The Platform

Adam Schultz

India finds itself in a precarious balance between the United States and Russia.

In a world of political theater prone to volatility, India’s rise to the presidency of the G20 isn’t merely symbolic; it’s a strategic masterstroke.

The spotlight on India intensified during the ASEAN summit in Jakarta, where it shared the stage with international heavyweights like the U.S., U.K., France, and Italy. The summit produced an unprecedented 120 benchmarks for international cooperation, signaling a gravitational shift in geopolitics toward the East. It’s a turn of the tide eerily reflective of the 1970s realpolitik era when India confronted a nexus between Washington, Islamabad, and Beijing.

In 1971, India’s former Prime Minister Indira Gandhi was also steering her nation through a complex geopolitical labyrinth during the Indo-Pakistani War. Her landmark friendship treaty with the then-Soviet Union was a defining moment that not only solidified India’s international standing but also reverberates to this day. Her audacious support for Sheikh Mujibur Rahman’s Mukti Bahini in East Pakistan ultimately cleaved Pakistan in two and gave birth to Bangladesh.

Fast forward to today’s shifting alliances, and we find a global landscape punctuated by American disillusionment with Pakistan’s opaque ties to terrorist networks and escalating Sino-U.S. tensions over subjects like artificial intelligence and climate change. These disruptions offer India a unique vantage point from which to rewrite its own diplomatic script.

The threads of India’s current diplomatic tapestry are woven from historical partnerships and contemporary imperatives. Although the old India-USSR treaty laid the foundations for bilateral harmony, modern India finds itself in a precarious balance between the United States and Russia—two nations essential for safeguarding India’s national interests, especially amid the ongoing war in Ukraine.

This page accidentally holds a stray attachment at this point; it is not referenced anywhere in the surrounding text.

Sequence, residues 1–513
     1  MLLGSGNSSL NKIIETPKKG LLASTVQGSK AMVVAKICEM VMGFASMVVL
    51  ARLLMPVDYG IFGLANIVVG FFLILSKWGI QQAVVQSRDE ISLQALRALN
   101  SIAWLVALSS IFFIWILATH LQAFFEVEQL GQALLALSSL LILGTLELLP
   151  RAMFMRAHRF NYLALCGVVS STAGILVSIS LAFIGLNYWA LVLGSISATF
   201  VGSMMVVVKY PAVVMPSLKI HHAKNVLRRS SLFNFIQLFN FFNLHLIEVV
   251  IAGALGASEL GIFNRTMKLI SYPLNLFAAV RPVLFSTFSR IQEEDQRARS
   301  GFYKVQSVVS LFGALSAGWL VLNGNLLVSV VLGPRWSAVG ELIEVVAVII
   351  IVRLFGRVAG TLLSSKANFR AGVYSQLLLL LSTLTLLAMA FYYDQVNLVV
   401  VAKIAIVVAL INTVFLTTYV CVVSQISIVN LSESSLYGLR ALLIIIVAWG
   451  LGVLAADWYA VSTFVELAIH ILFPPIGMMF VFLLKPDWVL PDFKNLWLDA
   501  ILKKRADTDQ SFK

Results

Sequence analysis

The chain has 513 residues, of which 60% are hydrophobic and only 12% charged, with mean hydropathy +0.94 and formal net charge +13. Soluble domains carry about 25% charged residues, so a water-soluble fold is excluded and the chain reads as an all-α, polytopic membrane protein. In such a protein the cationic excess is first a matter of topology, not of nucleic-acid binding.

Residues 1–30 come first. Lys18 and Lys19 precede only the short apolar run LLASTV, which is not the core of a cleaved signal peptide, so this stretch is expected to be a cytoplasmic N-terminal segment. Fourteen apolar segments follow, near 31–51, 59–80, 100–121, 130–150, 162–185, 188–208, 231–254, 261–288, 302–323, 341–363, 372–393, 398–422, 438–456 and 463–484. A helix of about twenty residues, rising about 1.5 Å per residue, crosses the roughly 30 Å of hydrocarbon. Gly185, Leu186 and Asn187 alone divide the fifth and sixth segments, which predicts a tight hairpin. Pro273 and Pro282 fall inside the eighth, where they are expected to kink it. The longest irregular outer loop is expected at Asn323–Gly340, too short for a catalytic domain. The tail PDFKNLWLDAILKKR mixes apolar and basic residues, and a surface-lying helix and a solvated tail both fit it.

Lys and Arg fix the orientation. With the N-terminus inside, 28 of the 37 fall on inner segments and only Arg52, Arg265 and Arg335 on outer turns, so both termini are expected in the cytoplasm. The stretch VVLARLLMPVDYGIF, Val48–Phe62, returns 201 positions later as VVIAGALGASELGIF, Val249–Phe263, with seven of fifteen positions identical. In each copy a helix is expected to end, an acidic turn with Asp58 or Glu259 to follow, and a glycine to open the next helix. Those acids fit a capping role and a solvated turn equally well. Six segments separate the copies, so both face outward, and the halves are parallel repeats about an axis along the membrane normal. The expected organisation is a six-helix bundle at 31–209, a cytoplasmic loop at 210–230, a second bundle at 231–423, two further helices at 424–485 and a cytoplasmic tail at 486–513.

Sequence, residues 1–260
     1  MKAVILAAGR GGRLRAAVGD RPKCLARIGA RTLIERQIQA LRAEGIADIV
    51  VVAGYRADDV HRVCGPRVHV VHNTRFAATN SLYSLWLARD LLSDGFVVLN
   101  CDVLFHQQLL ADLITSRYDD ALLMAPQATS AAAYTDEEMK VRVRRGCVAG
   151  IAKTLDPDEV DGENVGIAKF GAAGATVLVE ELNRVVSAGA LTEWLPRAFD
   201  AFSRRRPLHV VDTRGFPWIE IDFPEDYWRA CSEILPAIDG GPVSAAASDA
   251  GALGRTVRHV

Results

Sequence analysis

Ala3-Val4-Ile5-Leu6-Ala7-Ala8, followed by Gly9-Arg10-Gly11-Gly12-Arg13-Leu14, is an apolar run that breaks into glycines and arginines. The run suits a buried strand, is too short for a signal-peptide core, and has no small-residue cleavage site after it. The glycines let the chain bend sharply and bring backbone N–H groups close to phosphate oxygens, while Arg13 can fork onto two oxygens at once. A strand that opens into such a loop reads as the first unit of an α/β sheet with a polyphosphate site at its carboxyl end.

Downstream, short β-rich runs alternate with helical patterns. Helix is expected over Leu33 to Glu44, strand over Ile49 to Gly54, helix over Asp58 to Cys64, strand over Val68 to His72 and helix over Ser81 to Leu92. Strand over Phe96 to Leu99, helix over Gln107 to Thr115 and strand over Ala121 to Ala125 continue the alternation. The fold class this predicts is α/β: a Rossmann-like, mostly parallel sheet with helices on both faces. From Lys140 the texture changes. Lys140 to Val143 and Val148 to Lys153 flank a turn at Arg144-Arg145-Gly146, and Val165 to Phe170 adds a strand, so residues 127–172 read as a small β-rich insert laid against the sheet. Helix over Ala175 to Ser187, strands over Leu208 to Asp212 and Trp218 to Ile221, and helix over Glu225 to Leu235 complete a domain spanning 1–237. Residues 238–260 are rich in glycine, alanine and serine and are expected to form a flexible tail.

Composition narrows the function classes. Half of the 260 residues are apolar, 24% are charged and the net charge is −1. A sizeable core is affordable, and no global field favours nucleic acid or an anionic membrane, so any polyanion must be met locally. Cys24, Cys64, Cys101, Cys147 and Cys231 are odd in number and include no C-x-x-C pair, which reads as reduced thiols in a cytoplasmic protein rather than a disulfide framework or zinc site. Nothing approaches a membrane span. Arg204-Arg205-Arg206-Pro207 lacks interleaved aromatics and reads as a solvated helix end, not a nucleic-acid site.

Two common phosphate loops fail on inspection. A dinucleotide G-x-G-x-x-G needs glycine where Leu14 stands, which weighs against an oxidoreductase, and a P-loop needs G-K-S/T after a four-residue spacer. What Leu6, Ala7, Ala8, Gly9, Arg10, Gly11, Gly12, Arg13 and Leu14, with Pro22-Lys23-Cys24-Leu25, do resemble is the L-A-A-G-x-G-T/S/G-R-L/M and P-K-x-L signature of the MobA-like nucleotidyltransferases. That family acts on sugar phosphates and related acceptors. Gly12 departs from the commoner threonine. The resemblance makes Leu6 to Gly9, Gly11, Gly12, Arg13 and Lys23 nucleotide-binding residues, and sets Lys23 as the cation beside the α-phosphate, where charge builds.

Its tactical counter-maneuvers against Chinese military advances at Doklam and Galwan are adding complexity to India’s diplomatic dance. Coupled with precision counterterrorism strikes within Pakistan, these actions signify India’s burgeoning self-confidence on the global stage.

Caught in a diplomatic conundrum between its historical ally Russia and the burgeoning alliance with the United States, India has adopted a tactful neutrality, particularly as the Ukraine crisis unfolds. It has avoided taking sides, a move that is as diplomatic as it is strategic.

As global dynamics shift, India’s role in Southeast Asia becomes more crucial than ever. ASEAN countries, keenly aware of their fraught borders with China, are increasingly turning to India for robust security partnerships. The G20 presidency doesn’t just amplify India’s influence over economic alliances; it elevates India as a leading voice for the Global South.

Should Russia resort to extreme measures in Ukraine, including the possible use of nuclear weapons, the impetus for India to utilize its G20 platform to advocate for global peace will become increasingly urgent. In a world teetering precariously on the edge, India’s diplomatic nuance may well serve as the balancing act that these turbulent times demand.

India’s diplomatic maneuvers have been nothing short of a masterclass in strategic subtlety. From navigating fraught relationships between superpowers to managing its own regional security complexities, India is well on its way to projecting itself as an autonomous, strategic behemoth. The stakes are monumental for the world’s largest democracy, and the opportunities are equally expansive. It’s not merely a quest for global influence but a chance for India to articulate a fresh narrative for itself, echoing its ancient principle—“Vasudhaiva Kutumbakam”: The world is one family.

In this ever-changing geopolitical arena, India is not just a participant; it is rapidly emerging as the fulcrum around which the table turns.

Dr. Sudhanshu Tripathi teaches Political Science at MDPG College in Uttar Pradesh, India. He also served as Professor of Political Science and Director (in-charge) of the School of Social Sciences at Uttar Pradesh Rajarshi Tandon Open University, from 2017 to 2021. His published works include 'India’s Foreign Policy: Dilemma over Nor Alignment 2.0' in 2020, and 'NAM and India' in 2012, and co-author of 'Rajnitik Avadharnayein' in 2001. Besides numerous articles and research papers in national and international online journals, he was on the Editorial Advisory Board of Third Concept Journal from 2018 to 2020. Dr. Tripathi remains engaged in teacher’s union and social welfare-activities as well.